When an Unlikely Ally of Women's Suffrage Emerged In Edgefield, Support for the Cause Grew
Emily Anderson Dunovantfield lived in Edgefield, South Carolina. She was well-educated and what many called a traditional woman. But during the early 1900's, Dunovant used a radical voice to help elevate the women's suffrage cause in South Carolina.
Dr. James O. Farmer, Jr. is author and emeritas professor of History at the University of South Carolina- Aiken. From his biographical sketch of Dunovant, written for Biographical Database of NAWSA Suffragists, 1890-1920, we learn Dunovant was born in December of 1866 in Spartanburg County. Her father was a Confederate veteran and a "red shirt" during the campaign that overthrew the state's Reconstruction regime. Her mother was the daughter of a clergyman and raised Emily to be a devout Christian. In 1888, Emily married William Lowndes Dunovant of Edgefield, and settled into the life of a traditional wife and mother. But in 1910, Dunovant's voice skillfully emerged from her quiet life in Edgefield to the podium of suffrage movement.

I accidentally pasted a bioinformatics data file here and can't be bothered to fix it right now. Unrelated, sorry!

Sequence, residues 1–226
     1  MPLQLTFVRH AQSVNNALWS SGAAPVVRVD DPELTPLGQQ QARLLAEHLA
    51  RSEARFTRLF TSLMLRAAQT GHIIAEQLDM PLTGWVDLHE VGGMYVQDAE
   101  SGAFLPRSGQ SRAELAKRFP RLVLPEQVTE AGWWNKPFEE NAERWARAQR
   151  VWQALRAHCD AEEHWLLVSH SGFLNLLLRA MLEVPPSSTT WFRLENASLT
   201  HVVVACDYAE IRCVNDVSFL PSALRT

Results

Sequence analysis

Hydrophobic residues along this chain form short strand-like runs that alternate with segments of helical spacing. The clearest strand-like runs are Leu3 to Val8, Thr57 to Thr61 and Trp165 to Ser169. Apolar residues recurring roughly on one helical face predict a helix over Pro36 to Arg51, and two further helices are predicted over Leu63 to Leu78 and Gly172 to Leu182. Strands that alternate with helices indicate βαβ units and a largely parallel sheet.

In this episode of Sisterhood: SC Suffragists, Farmer explains how the well-publicized child custody trial involving Edgefield County's powerful Tillman family, struck a chord with Dunovant, connected her to an unlikely partner and placed her on a radical path fighting for women's rights.